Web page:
This is intended as an introductory post to explain the Keynesian (and Kaleckian) view of causation between desired investment and desired saving in particular, and desired injections and desired leakages in general. Initially, the argument is presented with reference to a simple two-sector income-expenditure model of a pure private economy. The model illustrates the Keynesian view that provided the economy is operating below full employment and there is idle capacity, desired investment generates desired saving via income adjustments rather than being financed by that saving. The second part of the post employs a four-sector model with government and external sectors included to draw out a couple of points emphasized by Modern Monetary Theorists.
A common misconception is that if everybody was prepared to take awful enough jobs, unemployment would be eradicated automatically, at least eventually, irrespective of the government’s fiscal stance. Embedded in this argument is a misconception that unemployment, overall, can be eliminated through lower wages or deteriorating working conditions. In a capitalist monetary economy, this is not true. To think otherwise is to succumb to a fallacy of composition.
Modern Monetary Theorists have employed parables or simple teaching models to illustrate how sovereign currencies work. Usually the parables are used to drive home the most fundamental aspect of state or chartal money; namely, the manner in which a tax obligation underpins demand for the currency. It can be instructive to explore the parables in depth. For example, Bill Mitchell has provided a series of posts (here, here and here) adding layers of meaning to a ‘business card model’ initially due to Warren Mosler in which parents represent government and their kids represent non-government. A similar exploration is presented in Parable of a Monetary Economy. These treatments can get fairly elaborate in terms of the numerical calculations, even though the calculations themselves are elementary. This is fine for reading purposes, but when it comes to explaining the basics to a friend or colleague in a social situation it will sometimes be better to avoid numbers and tell a simple verbal story. For this purpose, another variant of Warren’s parable, which he sometimes uses as an opener in seminar presentations, seems especially suited to the purpose. It is possible to delve into the story as deeply as is likely to be necessary in most informal situations.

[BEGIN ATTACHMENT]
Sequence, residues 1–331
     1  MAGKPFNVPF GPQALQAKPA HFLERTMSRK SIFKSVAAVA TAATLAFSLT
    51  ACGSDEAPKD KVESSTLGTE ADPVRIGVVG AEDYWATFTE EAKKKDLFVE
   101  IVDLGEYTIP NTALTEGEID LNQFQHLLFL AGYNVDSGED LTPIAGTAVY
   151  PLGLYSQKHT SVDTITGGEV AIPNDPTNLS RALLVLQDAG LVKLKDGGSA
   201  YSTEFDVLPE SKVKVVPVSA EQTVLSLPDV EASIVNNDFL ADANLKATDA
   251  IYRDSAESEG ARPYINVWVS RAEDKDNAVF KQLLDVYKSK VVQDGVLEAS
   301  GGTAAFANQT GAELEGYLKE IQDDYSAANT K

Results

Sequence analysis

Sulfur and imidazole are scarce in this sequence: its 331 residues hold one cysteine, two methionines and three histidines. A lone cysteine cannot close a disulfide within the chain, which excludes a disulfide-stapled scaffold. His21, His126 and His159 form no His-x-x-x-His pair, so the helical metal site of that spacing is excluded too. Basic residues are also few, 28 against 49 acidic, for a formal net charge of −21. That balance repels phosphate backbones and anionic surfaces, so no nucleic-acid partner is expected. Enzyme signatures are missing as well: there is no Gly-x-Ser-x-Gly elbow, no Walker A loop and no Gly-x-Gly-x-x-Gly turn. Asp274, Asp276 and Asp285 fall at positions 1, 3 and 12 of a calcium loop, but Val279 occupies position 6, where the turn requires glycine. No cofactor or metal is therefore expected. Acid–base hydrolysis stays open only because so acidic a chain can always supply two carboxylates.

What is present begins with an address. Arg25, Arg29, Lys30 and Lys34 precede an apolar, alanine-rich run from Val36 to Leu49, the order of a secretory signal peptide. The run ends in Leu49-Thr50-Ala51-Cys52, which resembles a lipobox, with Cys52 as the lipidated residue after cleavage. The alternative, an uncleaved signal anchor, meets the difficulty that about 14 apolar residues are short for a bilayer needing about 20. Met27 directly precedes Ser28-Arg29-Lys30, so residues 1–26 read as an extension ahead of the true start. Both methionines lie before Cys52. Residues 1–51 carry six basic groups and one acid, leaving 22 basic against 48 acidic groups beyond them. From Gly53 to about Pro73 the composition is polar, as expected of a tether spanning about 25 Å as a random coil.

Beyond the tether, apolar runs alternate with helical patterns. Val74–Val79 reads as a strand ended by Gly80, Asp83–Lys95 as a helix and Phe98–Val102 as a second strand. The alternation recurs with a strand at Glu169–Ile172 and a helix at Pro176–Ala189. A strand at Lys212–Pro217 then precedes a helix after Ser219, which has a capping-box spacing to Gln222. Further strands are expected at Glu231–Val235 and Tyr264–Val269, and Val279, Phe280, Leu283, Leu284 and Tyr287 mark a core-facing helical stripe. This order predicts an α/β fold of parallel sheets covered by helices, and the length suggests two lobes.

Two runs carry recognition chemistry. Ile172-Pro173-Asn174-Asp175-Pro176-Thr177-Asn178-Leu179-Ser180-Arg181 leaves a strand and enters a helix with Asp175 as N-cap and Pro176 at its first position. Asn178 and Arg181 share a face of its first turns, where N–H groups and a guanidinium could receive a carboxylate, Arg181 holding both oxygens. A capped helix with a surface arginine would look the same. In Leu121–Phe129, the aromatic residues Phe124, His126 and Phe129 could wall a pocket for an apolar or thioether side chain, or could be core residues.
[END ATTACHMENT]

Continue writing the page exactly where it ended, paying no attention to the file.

Imagine for a moment a society without compulsion. People are working for themselves and each other. They might share, barter or agree to use a private money or monies in exchange. If everybody could somehow agree to share land and other natural resources, respect the wishes of all, contribute voluntarily to the production of infrastructure and provision of social services, agree to the modes of production in which they personally need to engage (whether wage labor, cooperatives or communes) and address all other individual and collective needs on a voluntary basis, there would be no need for government and no need for state money. A role for government arises when members of the community cannot find amicable solutions to all conflicts without some mechanism for orchestrating their collective will. Fiat money is a highly effective tool for this purpose.
It seems the failure of neoclassical macroeconomists to foresee the global financial crisis and the willingness of some of its more extreme members, in the Great Recession that followed, to push for ridiculous remedies such as “contractionary expansionism” have resulted, at least in Australia, in the likely downgrading of numerous journals that cater not to neoclassical economics but to non-neoclassical economics and studies in the history of economic thought (HET). There has been a predictable closing of the ranks. Steve Keen wrote an article on the situation in late September.